10 Terrifying Images Of NYC In The 70s That Will Make You Appreciate 2017

Rob Grams Rob Grams

10 Terrifying Images Of NYC In The 70s That Will Make You Appreciate 2017

We’ve come a long way as a city, and although we love to complain, there’s no doubt that NYC has come a long way over the years. Here are some images of NYC from the 70s that will truly make you appreciate the way things are today. We get it, things aren’t perfect but it’s not like it was in the 70s. Check it out:

Leland Bobbé / Photographer

Before being known for bars and clubs, the Bowery was more known as a mecca for abandoned buildings and a large homeless population.

Camilo José Vergara Photographs

Prior to the 70s the Bronx was the middle class borough of choice. In between the late 60’s and 70s the borough lost over 30% of its population due to the middle class flight to the suburbs.


The Guardian

If you flew into NYC in the summer of 1975 you would have been welcomed be the above brochure. It featured nine survival tips for navigating the city; not taking the subway, not walking in any part of the city after 6 pm, etc.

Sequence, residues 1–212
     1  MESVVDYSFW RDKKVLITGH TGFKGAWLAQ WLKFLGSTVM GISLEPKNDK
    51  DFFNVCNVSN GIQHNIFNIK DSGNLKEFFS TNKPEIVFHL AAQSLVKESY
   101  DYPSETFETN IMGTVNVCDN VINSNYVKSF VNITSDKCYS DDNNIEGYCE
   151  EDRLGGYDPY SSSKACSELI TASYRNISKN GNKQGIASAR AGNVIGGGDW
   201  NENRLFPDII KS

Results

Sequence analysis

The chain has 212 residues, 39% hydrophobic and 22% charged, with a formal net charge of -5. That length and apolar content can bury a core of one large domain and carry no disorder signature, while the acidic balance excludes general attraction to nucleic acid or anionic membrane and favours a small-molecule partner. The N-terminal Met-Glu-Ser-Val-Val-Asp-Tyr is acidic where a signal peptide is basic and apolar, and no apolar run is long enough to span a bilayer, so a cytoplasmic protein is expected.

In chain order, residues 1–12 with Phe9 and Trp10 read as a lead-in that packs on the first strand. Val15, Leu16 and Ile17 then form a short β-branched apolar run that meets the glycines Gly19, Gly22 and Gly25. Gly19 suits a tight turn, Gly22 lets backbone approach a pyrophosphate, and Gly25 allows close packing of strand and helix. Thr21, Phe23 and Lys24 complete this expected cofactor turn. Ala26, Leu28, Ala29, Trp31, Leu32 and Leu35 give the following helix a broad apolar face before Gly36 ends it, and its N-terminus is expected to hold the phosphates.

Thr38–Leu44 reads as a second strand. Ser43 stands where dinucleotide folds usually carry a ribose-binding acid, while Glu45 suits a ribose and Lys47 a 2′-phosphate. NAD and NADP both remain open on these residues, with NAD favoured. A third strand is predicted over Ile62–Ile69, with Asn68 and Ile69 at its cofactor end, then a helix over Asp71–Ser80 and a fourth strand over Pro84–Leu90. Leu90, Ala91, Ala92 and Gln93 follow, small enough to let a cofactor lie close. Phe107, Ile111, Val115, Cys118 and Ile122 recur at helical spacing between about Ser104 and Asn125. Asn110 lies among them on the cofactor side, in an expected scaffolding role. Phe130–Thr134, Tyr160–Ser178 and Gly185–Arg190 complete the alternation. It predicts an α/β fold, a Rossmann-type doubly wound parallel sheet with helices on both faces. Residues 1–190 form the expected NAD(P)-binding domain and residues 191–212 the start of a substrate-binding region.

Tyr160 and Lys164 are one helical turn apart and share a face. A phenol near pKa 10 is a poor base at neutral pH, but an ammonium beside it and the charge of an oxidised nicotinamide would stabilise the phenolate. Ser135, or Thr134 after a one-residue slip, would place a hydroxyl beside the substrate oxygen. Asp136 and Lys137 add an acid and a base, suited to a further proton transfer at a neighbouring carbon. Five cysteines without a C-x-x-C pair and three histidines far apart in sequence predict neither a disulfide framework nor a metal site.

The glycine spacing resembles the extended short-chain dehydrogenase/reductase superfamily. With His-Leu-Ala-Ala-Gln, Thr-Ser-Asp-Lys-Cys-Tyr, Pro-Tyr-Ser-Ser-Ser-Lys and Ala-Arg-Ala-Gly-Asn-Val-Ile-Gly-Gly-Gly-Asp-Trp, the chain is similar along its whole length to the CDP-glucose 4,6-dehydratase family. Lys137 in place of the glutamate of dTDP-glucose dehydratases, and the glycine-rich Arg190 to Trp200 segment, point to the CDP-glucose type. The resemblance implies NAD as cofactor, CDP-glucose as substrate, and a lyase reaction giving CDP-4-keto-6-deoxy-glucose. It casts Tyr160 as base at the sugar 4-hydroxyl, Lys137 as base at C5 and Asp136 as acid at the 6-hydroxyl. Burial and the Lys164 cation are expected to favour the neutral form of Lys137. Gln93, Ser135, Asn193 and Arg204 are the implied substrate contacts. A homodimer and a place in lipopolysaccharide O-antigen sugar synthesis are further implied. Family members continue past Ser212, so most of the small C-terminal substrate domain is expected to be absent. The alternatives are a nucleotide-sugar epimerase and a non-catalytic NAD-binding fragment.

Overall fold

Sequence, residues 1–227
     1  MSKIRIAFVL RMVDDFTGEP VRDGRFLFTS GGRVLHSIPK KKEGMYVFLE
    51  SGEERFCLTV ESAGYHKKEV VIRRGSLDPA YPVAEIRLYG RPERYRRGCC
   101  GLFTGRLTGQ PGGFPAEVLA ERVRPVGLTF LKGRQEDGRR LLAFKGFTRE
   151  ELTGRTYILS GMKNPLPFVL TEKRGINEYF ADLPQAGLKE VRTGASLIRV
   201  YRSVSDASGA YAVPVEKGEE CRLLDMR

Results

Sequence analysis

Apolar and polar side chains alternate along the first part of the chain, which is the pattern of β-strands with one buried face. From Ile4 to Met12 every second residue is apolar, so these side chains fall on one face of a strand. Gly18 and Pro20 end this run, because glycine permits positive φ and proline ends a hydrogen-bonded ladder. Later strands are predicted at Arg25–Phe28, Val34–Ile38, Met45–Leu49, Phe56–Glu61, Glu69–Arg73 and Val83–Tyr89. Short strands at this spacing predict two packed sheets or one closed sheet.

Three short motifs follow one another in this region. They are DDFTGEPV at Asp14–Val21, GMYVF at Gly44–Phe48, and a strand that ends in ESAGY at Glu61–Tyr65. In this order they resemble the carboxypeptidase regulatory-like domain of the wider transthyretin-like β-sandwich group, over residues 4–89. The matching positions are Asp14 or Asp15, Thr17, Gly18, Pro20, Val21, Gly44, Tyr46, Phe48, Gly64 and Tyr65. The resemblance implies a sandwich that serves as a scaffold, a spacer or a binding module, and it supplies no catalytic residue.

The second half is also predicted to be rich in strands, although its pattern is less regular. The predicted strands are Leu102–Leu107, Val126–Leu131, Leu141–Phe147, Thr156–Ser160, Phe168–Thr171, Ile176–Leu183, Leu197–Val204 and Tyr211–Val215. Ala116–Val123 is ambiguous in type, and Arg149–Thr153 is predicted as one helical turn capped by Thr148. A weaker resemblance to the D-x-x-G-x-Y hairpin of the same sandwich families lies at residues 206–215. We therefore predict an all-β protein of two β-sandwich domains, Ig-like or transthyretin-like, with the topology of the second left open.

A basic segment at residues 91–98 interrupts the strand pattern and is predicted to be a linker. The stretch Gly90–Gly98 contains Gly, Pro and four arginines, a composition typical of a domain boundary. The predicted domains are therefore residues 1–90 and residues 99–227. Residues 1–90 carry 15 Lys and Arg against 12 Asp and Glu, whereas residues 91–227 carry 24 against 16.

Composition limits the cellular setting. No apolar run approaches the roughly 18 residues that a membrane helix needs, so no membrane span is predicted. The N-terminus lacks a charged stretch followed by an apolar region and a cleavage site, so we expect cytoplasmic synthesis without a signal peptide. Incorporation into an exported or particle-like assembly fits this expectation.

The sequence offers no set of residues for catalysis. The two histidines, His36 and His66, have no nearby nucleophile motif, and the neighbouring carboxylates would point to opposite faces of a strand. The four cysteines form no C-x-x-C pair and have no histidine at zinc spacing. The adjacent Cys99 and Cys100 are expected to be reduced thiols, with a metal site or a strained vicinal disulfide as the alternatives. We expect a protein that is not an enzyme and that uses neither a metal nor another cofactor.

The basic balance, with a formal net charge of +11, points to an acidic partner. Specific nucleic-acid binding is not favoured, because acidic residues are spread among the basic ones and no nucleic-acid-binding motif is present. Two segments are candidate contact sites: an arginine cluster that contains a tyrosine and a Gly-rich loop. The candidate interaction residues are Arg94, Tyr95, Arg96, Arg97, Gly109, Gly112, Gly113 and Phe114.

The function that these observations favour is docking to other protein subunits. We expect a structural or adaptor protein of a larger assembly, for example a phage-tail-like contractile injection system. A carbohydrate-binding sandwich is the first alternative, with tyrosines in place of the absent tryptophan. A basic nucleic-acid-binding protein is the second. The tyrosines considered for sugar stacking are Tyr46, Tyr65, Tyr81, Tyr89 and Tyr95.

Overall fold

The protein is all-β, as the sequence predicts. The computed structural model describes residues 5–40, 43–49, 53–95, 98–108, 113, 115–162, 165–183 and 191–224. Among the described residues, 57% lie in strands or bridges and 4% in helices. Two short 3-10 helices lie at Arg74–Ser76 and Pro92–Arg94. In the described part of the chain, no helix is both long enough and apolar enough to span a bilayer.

The New York Times
Arson was a big problem in 1970s NYC. Many landlords unable to maintain their buildings would have them burned down in order to collect on the insurance.

Camilo José Vergara Photographs

In the 1970s The Bronx River was practically an open sewer. Things didn’t change until nearly 40 years later, when in 2007 towns in Westchester and the Bronx both agreed to stop dumping raw sewage into the waterway.


Camilo José Vergara Photographs

Pedestrians stand by watching a man passed out on the sidewalk on the corner of 172nd Street in the Bronx.


National Archives and Records Administration

Teetering on the edge of bankruptcy 70s Mayor Mayor Abe Beame holds a paper illustrating President Ford’s refusal to use federal funds to bail the city out. Bankruptcy was only avoided thanks to majour reductions in the number of police, firemen, and teachers.


National Archives and Records Administration

To prevent bankruptcy, police and fire services were eviscerated to save the city money. in 1975 1/5 of all public workers were laid off. Many crimes and fires were not responded to.


Wikimedia Commons

The Statue of Liberty surrounded by an oil slick in the spring of 1973.


Camilo José Vergara Photographs

Children in East Harlem traversing rubble on their way home from school.

Featured image source [Camilo José Vergara Photographs]